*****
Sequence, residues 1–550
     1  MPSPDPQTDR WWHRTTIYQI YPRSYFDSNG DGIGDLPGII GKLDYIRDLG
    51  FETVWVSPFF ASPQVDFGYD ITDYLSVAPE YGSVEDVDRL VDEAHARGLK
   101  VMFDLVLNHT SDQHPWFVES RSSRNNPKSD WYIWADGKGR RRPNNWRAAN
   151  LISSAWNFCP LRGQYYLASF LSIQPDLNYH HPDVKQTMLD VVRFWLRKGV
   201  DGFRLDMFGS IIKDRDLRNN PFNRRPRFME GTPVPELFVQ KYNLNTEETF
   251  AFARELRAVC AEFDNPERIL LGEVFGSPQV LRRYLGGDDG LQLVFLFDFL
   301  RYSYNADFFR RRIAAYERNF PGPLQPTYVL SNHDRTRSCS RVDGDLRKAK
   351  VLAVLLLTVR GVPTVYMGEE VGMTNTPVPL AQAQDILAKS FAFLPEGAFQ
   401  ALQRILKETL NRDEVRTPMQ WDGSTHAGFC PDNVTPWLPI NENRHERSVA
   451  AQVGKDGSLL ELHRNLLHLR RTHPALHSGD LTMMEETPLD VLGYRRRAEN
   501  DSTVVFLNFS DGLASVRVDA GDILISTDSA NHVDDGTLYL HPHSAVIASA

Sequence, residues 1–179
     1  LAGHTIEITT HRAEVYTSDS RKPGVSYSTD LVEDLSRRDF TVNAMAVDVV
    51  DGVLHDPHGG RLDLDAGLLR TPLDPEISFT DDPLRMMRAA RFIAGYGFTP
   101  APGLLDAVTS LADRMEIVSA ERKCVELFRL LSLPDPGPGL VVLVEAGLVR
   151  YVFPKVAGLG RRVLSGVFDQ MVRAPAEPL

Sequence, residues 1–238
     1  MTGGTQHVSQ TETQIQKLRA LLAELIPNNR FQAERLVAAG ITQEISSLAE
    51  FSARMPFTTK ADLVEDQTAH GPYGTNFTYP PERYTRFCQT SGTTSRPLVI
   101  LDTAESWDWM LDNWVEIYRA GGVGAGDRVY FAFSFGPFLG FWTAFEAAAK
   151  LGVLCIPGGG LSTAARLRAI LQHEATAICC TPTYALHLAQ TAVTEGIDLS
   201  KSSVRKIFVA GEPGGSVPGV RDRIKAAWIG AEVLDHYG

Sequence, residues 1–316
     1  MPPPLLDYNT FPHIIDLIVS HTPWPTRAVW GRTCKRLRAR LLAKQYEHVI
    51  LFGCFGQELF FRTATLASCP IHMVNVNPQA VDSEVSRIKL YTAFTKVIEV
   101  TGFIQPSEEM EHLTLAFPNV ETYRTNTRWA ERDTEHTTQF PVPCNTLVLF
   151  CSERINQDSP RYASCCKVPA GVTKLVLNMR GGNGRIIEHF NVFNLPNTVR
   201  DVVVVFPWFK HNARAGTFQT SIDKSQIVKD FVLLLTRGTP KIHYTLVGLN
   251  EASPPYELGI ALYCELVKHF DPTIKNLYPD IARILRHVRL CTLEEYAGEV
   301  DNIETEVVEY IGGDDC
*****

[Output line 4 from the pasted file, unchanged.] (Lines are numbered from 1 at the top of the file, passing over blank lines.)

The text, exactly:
   101  VMFDLVLNHT SDQHPWFVES RSSRNNPKSD WYIWADGKGR RRPNNWRAAN